Selling well as an indie isn’t just about knowing how to market and price books. Bottom line, it’s about writing good novels that people talk about. I don’t want to let go of that focus as I work to learn everything else I need to know as an indie. And I urge all you indies out there not to lose that focus either. Keep studying the craft. If your books aren’t selling, maybe it’s not just the marketing. Maybe you need to learn more about how to write. If you are already selling well—what new techniques might you learn about writing fiction that would help you sell even better?

And trad pub authors, you’re not off the hook here either. I know your publishers are pushing you to do more and more marketing. In the midst of all you must do, don’t forget to study the craft.

If you’ve attended a helpful writers’ conference, or read a good book on writing fiction, or taken an eye-opening online course—let us know in the comments. We can all help each other on the craft side just as we do on the business side of publishing.

12 comments:

Henry McLaughlin said...

Brandilyn,
Thanks for the great reminder about the importance of craft. We have to keep learning and getting better no matter how we publish.
Good books on writing fiction:
I recently read Steven James' Story Trumps Structure. Insightful and challenging.
I'm re-reading Elizabeth George's Write Away. I enjoy how she drills down into the writing process.

Terry Whalin said...

Outstanding topic, Brandilyn and much missing in the articles and blogs that I read these days. Writers need to practice their craft in the short form as well as writing full-length books. I'm talking about writing short stories rather than novels. I'm talking about writing magazine articles rather than nonfiction. Then writers can practice and learn craft of storytelling and writing on a shorter form rather than a lengthy book. Too many people want to begin with books and have never learned to write. Thank you for this terrific insight.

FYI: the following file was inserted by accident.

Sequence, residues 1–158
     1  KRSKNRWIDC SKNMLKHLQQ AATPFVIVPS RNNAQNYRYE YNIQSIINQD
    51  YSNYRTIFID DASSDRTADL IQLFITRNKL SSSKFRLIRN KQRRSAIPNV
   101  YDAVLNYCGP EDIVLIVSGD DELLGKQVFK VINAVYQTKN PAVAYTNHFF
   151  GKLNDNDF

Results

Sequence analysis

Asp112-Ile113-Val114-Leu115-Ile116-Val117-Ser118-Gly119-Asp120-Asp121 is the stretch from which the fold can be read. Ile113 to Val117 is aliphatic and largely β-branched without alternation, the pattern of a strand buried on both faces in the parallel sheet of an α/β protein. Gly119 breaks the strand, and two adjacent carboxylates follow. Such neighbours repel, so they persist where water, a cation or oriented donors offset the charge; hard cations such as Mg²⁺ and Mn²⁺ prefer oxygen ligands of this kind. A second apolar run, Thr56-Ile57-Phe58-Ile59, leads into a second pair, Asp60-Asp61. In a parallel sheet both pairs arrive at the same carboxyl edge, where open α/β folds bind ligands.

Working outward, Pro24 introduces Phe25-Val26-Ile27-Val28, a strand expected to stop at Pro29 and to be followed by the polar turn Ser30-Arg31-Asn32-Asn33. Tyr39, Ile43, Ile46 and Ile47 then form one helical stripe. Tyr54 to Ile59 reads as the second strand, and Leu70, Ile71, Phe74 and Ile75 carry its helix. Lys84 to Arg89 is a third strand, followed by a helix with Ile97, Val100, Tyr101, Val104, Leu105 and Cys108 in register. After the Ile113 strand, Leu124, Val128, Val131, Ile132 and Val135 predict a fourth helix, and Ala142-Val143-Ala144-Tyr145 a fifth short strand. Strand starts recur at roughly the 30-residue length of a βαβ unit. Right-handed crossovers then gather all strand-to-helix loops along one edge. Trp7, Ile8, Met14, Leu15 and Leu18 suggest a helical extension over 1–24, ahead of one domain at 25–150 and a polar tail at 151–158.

Ane Mulligan said...

You're singing my song here, Brandilyn. And I'm tickled to hear you say it's hard for you. Sometimes I sit and stare at my screen, thinking, "What's next?" But if I do, I go back to one of my craft books and refresh myself on the part of story structure, or whatever's bothering me. And I can't wait for the next WF book from you!!

Brandilyn Collins said...

Thanks, Ane. PITCHIN' A FIT will be available around the end of next month.

Michael Ehret said...

Craft, craft, craft ... can't say it often enough. Especially as more and more are choosing an indie route (not that I find anything wrong with that...).

Ian Acheson said...

Great post, Brandilyn. Like Ane, I smiled when I read your comment about how hard writing a novel is. It is isn't? So many elements to juggle.

Perhaps you have yourself a potential new income stream - teaching indie (& others) the finer elements of craft.

Jan Thompson said...

Good article, Brandilyn. Oh I agree! While some indie authors might "rush to publish" and skip a few steps, other more seasoned indies know that implicit in the longevity of their careers is the art of writing itself. Not only craft, but also storytelling. I remind myself that indie novelists, for example, are first storytellers before they are indie publishers. Without a story and the proper craft to deliver that story, all the best marketing will not sell the book, which is why most books don't sell. Craft, anybody can learn (all they have to do is read everything James Scott Bell has written, for example), but to be a good storyteller, that is something special.